Sanders raised over $1.5 million in the first 24 hours after he announced his presidential campaign on April 30, 2015. This was greater than the amount raised by any of the Republican candidates in the first 24 hours after their respective announcements.[33] By May 5, Sanders campaign had received approximately 75,000 contributions and had raised $3 million, with the average donation being $43. According to a campaign adviser, 99.4 percent of the donations were $250 or less, and 185,000 supporters had signed up on the campaign's website.[34]

Effect change

Sanders at a town meeting in Phoenix, Arizona, in July 2015

When Sanders opened his campaign in June, his rallies were compared with those of Hillary Clinton.[35] Sanders's campaign events have been drawing "overflow crowds" around the country. Sanders drew more than 700 supporters at a mid-June event in Iowa, which the Wall Street Journal noted as “the same number who went to a Hillary Clinton event on Sunday that featured a buffet table and a live band.”[36][37] A crowd of an estimated 3,000 attended an event in Minneapolis. Sanders said he was "Stunned. Stunned. I mean I had to fight my way to get into the room. Standing room only. Minneapolis was literally beyond belief."[37]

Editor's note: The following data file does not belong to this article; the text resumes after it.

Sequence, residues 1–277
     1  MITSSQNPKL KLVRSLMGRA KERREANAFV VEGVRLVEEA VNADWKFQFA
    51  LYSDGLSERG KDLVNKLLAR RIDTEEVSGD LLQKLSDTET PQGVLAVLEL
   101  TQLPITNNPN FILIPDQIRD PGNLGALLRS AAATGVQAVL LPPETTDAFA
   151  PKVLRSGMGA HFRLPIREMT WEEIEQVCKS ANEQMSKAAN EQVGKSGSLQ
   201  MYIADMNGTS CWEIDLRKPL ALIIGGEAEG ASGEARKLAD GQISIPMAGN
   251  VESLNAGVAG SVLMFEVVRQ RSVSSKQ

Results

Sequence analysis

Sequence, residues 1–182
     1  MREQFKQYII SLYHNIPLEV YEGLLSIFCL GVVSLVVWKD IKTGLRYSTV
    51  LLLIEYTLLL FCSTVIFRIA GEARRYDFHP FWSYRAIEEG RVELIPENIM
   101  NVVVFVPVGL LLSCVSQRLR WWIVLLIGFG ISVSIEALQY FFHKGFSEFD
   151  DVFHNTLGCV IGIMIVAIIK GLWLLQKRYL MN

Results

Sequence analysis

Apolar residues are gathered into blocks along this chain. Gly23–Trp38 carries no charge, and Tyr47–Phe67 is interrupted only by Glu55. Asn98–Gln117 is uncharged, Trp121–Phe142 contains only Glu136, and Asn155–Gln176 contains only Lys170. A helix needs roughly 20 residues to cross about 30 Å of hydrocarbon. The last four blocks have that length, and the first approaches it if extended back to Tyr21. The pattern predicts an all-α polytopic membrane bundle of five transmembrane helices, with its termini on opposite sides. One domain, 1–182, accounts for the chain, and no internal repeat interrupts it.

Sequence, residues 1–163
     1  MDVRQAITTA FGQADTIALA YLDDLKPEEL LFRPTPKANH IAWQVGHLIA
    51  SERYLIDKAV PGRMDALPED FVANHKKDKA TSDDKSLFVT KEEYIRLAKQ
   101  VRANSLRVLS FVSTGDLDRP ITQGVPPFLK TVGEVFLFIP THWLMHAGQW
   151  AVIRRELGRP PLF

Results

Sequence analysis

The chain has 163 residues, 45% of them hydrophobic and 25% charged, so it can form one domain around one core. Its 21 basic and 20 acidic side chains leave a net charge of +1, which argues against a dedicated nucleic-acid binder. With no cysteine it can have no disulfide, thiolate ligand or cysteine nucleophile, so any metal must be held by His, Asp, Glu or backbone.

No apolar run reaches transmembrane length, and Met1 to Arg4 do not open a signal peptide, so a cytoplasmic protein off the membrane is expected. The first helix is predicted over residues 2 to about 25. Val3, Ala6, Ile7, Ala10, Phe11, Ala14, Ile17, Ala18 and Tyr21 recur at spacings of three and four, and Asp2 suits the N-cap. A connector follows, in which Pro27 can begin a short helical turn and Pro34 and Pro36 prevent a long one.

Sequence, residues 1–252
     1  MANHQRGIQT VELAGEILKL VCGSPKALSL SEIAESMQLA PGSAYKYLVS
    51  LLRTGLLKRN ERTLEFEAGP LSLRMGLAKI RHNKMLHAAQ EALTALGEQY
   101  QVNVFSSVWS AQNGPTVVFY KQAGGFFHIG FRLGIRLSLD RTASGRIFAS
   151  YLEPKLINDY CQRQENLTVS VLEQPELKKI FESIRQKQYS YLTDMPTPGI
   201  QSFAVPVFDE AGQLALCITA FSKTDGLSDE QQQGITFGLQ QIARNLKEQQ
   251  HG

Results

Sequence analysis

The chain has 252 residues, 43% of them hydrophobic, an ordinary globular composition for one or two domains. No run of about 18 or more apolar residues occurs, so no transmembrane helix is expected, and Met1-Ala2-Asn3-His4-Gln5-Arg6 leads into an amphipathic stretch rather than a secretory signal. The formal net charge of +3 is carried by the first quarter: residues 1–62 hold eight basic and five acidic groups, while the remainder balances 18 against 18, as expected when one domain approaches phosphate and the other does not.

Sanders campaign in New Hampshire, August 2015

On August 8, Sanders drew a crowd of over 12,000 in Seattle, Washington. The rally took place in the basketball arena of the University of Washington, which was filled to capacity. Before the rally, Sanders spoke to an additional 3,000 supporters outside who could not get into the arena. Black Lives Matter activists had interrupted an earlier event and prevented Sanders from taking the podium.[38] The rally in Seattle was part of a three-day West Coast tour.